21 Jun 2017

JISC Digital Tracker Results

My interest in student expectations upon learning technologies came predominantly from attending Jisc’s Digifest conferences over the last few years, and the research I’ve undertaken follows a similar patter to the recent digital tracker that education institutions have taken part in over the last few months.

My hand in for the MA was set for the same time that these results were released, but it now turns out that i’ve got a couple of extra weeks to submit, so i’m now wondering whether to try and factor in the summary report as a sort of addendum. I’m not sure how this would normally work, but I’m going to throw some of the relevant finding in here and see how they relate to my own study.

90% of students reported that they had reliable access to wifi at their usual place of learning.

92% said they could access course materials online.

HE learners most commonly used their own laptops (88%) and smartphones (84%) to support their learning.

HEIs should consider the resources required to support learners to BYO and to access institutional systems (such as wifi) via multiple devices per learner, and they might improve learning experiences by tailoring pedagogic practice to make best use of the benefits offered by different devices (notably smartphones to support e.g. group discussions).

HE learners rely less on institutional devices, using an average of only 1.4 devices per learner. However, they have far higher average personal device use to support their learning, averaging 2.7 personal devices per learner.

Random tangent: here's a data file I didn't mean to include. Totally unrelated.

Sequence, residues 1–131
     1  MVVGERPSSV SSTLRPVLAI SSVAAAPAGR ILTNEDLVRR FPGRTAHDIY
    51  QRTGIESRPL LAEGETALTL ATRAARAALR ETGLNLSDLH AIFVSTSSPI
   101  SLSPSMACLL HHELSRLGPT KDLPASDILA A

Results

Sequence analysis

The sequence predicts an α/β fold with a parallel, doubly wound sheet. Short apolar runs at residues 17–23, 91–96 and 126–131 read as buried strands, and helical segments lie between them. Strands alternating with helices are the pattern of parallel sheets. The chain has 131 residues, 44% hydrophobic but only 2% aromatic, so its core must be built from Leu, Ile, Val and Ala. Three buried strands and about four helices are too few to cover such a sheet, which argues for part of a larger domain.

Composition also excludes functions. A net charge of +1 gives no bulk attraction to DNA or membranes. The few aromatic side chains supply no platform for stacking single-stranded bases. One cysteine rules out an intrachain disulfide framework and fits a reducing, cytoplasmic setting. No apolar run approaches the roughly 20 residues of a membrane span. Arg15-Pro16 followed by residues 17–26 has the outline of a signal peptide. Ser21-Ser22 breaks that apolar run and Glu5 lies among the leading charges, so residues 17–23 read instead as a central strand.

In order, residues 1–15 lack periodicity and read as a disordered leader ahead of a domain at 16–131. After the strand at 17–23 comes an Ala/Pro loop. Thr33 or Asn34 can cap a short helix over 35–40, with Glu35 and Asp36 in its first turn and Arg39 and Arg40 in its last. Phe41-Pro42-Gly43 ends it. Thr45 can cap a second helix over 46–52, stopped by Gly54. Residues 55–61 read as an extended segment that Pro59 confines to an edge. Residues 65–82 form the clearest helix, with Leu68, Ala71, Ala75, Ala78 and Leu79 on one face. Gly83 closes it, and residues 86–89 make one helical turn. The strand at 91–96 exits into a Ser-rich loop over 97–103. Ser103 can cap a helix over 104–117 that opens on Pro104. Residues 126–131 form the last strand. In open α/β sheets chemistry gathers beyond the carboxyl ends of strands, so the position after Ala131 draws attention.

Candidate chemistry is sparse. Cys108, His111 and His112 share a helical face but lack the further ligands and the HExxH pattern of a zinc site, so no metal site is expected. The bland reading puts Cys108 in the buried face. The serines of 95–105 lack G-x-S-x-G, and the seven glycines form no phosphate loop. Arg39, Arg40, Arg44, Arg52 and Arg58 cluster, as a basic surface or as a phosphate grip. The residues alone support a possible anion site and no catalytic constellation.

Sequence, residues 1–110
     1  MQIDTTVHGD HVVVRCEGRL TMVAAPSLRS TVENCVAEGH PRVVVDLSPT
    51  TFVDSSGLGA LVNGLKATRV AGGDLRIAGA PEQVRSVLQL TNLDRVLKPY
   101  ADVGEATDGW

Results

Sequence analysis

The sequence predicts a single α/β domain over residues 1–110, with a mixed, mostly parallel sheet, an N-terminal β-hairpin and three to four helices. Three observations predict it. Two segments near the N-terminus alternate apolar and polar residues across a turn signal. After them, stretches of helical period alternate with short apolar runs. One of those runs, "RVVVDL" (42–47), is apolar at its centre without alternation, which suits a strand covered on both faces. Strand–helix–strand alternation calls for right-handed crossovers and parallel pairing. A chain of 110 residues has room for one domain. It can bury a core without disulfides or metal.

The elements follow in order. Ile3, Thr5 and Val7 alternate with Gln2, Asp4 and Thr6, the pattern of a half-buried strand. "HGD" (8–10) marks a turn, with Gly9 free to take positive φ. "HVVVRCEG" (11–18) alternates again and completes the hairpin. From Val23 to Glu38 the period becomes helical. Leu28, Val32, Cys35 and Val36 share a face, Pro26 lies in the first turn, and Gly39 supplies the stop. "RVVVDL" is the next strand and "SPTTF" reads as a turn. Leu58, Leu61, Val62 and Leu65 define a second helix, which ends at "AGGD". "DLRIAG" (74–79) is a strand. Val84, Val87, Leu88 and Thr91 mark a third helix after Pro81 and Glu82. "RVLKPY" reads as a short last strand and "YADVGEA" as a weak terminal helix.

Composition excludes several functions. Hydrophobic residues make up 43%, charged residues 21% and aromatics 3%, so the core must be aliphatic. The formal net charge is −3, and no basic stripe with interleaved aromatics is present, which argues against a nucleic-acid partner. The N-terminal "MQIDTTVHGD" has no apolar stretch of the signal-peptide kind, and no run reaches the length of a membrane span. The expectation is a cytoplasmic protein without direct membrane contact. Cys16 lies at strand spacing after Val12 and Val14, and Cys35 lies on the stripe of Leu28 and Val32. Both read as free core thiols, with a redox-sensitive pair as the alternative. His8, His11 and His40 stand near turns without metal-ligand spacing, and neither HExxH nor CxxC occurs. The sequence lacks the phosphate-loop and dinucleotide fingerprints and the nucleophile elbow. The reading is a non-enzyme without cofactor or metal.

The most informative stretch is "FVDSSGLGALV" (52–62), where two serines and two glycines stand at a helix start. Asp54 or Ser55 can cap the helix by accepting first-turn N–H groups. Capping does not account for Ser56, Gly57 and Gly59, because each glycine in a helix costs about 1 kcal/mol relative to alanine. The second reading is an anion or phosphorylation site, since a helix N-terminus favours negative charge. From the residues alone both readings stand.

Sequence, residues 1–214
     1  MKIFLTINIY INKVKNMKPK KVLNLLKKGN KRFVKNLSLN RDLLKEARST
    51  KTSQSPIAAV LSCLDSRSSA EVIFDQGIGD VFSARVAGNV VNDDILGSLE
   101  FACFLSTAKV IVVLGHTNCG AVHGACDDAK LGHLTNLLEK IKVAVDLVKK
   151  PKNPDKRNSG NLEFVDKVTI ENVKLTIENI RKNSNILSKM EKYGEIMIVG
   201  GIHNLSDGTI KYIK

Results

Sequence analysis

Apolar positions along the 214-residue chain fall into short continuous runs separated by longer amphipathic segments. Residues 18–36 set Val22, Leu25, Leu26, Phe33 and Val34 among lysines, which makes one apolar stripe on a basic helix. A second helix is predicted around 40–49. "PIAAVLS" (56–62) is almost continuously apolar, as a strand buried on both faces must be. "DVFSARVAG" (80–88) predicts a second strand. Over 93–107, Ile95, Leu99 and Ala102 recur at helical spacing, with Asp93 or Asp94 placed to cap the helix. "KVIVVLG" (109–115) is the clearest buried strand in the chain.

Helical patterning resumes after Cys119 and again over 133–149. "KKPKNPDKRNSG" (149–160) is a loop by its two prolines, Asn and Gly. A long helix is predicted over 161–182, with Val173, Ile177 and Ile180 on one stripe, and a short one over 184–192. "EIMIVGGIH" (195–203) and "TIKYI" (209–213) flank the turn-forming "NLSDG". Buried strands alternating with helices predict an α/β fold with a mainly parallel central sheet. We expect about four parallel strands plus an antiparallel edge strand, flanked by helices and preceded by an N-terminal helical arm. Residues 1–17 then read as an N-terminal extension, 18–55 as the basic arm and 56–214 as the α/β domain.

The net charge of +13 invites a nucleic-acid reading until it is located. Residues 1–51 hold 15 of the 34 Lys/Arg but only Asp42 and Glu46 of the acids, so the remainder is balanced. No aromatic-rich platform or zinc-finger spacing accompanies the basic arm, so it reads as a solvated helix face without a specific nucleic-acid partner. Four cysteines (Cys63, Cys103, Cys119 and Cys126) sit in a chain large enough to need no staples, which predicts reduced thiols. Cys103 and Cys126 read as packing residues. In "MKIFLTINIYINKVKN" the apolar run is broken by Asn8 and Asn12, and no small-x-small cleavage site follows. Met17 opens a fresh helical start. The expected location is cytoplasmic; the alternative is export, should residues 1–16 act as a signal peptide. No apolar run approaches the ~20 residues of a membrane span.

80% rely on the VLE to do coursework.

However, nearly one in four say that technology use on their course can result in greater distraction (24%)

Just over 10% of HE learners disagreed when asked whether they could access digital training and support when they needed it in comparison with only approximately 7% of the other learner groups (FE, WBL)

Learners were asked whether they were told how their personal data was stored and used. They could agree,remain neutral or disagree with the statement. Fewer than half of all online, FE and HE learners agreed with this statement. HE learners had the most negative response

When asked whether they know where to get help if they are bullied or harassed online 20% (one in five) of HE learners disagreed, in comparison to 5 – 7% of learners from the other three groups.

Similarly 10% of HE learners disagreed when asked whether their university helps

them stay safe online, in comparison with fewer than 2% of learners in all other groups. This may reflect a historically lower level of expectations for responsibility when it comes to digital safety issues among HE institutions.

HE learners (37%) most commonly turned to online information to learn new digital skills. However, they were almost as likely to turn to friends and family, and (if on campus) fellow students.